Tax-Free Weekends for Back-to-School Sales and More

Find out when your state has a tax-free weekend.

If you’re planning to make big purchases in 2018, you might want to wait for a tax-free weekend or sales tax-free week if your state offers one. States often hold these “holidays” at certain times of the year, such as during back-to-school shopping season or before hurricane season. You can save a significant amount of money by planning ahead for a tax holiday.

Some states hold tax-free days that allow shoppers to buy certain items without paying sales tax. Eligible items might include things like hurricane preparedness supplies, clothing, school necessities, computers and even hunting supplies.

Click to read more about the most — and least — tax-friendly major cities in America.

Back-to-School Tax-Free Days

Many states offer tax-free days only during back-to-school season, typically in early- or mid-August before the school semester begins. Shoppers can buy school supplies, certain types of clothing and computers in some states without paying sales tax on these designated days.

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States With Tax-Free Days

If you live in a state that offers tax-free shopping days, plan your purchases around those dates to save money this year. Here are the states offering tax-free days in 2018:

States With Tax-Free Days
StateTax-Free Days in 2018Eligible Items and Limitations
AlabamaJuly 20-22Articles of clothing or footwear under $100; select school supplies under $50
ArkansasAug. 4-5Articles of clothing or footwear under $100; select school supplies
ConnecticutAug. 19-25Articles of clothing or footwear under $100
FloridaAug. 3-5Articles of clothing, footwear or accessories under $60; school supplies under $15
IowaAug. 3-4Articles of clothing or footwear under $100
MarylandAug. 12-18Articles of clothing or footwear under $100; the first $40 of a backpack purchase
MississippiJuly 27-29Articles of clothing or footwear under $100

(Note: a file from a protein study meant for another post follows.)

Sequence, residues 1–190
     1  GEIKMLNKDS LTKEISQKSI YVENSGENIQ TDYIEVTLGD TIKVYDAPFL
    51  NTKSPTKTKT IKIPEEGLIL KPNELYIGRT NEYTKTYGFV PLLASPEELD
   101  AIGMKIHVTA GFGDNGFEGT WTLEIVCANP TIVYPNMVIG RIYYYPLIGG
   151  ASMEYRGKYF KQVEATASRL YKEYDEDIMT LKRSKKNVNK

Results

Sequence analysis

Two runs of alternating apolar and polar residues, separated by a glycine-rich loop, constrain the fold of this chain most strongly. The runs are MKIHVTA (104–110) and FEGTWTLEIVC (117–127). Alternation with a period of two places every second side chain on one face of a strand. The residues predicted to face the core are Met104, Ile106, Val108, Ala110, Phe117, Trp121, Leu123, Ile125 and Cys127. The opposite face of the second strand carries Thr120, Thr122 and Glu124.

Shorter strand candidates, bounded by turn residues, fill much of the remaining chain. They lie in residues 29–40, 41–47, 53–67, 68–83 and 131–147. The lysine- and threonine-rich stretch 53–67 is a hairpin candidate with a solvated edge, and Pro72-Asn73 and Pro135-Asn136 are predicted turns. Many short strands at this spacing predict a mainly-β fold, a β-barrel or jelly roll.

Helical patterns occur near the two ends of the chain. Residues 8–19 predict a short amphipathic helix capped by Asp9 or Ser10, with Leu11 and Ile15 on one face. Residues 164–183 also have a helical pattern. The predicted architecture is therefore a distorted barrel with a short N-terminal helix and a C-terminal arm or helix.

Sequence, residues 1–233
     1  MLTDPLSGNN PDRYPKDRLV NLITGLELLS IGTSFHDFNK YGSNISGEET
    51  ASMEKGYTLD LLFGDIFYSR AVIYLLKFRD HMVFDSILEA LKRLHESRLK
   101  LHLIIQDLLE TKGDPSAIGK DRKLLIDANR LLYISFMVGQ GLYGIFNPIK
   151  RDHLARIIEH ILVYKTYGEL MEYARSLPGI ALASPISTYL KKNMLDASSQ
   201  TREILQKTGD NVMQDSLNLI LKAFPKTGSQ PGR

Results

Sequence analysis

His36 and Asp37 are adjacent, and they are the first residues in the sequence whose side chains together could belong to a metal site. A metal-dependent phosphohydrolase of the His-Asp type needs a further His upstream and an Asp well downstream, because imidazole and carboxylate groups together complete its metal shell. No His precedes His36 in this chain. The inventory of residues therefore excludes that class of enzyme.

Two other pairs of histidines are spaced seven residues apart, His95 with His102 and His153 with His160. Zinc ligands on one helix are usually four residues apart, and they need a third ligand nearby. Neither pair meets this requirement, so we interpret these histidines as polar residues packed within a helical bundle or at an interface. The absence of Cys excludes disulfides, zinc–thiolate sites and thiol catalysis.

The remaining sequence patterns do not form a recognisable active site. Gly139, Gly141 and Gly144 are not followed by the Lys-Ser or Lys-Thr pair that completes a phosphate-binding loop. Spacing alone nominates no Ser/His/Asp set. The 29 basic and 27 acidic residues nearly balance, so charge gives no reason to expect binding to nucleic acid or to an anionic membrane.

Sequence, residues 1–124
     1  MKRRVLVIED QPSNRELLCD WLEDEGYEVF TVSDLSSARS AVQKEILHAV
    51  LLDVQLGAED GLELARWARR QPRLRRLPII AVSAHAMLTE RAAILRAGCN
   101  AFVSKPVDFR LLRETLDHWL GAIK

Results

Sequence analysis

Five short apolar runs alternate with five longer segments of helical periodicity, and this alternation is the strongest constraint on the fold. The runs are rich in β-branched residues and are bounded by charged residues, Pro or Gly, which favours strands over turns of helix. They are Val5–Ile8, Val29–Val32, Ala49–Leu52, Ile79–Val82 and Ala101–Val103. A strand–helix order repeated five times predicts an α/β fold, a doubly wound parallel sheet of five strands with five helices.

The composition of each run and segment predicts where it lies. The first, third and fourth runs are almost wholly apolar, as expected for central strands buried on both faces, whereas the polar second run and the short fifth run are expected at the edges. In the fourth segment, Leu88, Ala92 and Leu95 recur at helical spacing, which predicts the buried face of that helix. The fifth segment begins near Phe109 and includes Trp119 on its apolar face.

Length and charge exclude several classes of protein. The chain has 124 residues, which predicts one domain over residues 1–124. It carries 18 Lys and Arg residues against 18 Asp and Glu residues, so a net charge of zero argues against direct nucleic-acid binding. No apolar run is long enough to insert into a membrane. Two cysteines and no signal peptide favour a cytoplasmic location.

MissouriAug. 3-5Articles of clothing and footwear under $100; computers under $1,500; school supplies under $50; graphing calculators under $150
New MexicoAug. 3-5Articles of clothing or footwear under $100; computers under $1,000; computer equipment under $500; school supplies under $30
OhioAug. 3-5Articles of clothing under $75; school supplies under $20
OklahomaAug. 3-5Articles of clothing or footwear under $100
South CarolinaAug. 3-5Articles of clothing, accessories, footwear, computers, school supplies and select bedding
TennesseeJuly 27-29Articles of clothing under $100; school supplies under $100; computers under $1,500
TexasAug. 10-12Articles of clothing, footwear, school supplies and backpacks under $100
VirginiaAug. 3-5Articles of clothing under $100; school supplies under $20
WisconsinAug. 1-5Articles of clothing and school supplies under $75; computer supplies under $250; computers under $750

If you don’t plan on itemizing sales tax deductions on your tax return or taking a tax exemption to reduce your taxable income, consider shopping during a tax-free day or weekend in your state — or a neighboring one — to offset costs.

Hurricane Preparedness Tax-Free Days

Some states have tax-free days for hurricane preparedness-related purchases, such as generators and other supplies. These typically take place before or during hurricane season. You can keep an eye out for upcoming dates in these states:

  • Alabama’s hurricane preparedness tax-free days for 2018 took place from Feb. 23-25.
  • Maryland held its Energy Tax-Free Weekend from Feb. 17-19 in 2018.
  • Texas will hold its 2019 tax-free days for emergency preparation supplies from April 27-29 and shoppers will be able to avoid sales tax on generators and other supplies for extreme weather preparation.
  • Virginia’s hurricane preparedness-related tax holiday was on Aug. 3-5 this year, the same day as its general tax-free weekend.

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States Without Tax-Free Days

Although many states have tax-free days to help you save a little money on seasonal items, there are some states that don’t offer a tax-free week or tax-free shopping day. However, Alaska, Delaware, Montana, New Hampshire and Oregon never charge any state sales tax so you don’t have to wait for a tax-free holiday if you live in one of those states.

States that have not yet announced a tax-free weekend or holiday in 2018 include:

  • Arizona
  • California
  • Colorado
  • District of Columbia
  • Georgia — its last sales tax holiday was in 2016
  • Hawaii
  • Idaho
  • Illinois
  • Indiana
  • Kansas
  • Kentucky
  • Louisiana
  • Maine
  • Massachusetts
  • Michigan
  • Minnesota
  • Nebraska
  • Nevada
  • New Jersey
  • New York
  • North Carolina
  • North Dakota
  • Pennsylvania
  • Rhode Island
  • South Carolina
  • South Dakota
  • Utah
  • Vermont
  • Washington
  • West Virginia
  • Wyoming

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Ruth Sarreal and Steffi Cao contributed to the reporting for this article.